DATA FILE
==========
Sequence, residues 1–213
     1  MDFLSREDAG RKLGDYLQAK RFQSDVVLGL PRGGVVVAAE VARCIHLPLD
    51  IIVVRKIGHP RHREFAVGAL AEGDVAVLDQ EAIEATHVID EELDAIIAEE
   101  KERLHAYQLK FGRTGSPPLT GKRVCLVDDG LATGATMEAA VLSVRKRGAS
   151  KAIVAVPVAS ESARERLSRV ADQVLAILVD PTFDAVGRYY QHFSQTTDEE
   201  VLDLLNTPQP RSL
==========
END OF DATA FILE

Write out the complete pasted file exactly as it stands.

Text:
Sequence, residues 1–213
     1  MDFLSREDAG RKLGDYLQAK RFQSDVVLGL PRGGVVVAAE VARCIHLPLD
    51  IIVVRKIGHP RHREFAVGAL AEGDVAVLDQ EAIEATHVID EELDAIIAEE
   101  KERLHAYQLK FGRTGSPPLT GKRVCLVDDG LATGATMEAA VLSVRKRGAS
   151  KAIVAVPVAS ESARERLSRV ADQVLAILVD PTFDAVGRYY QHFSQTTDEE
   201  VLDLLNTPQP RSL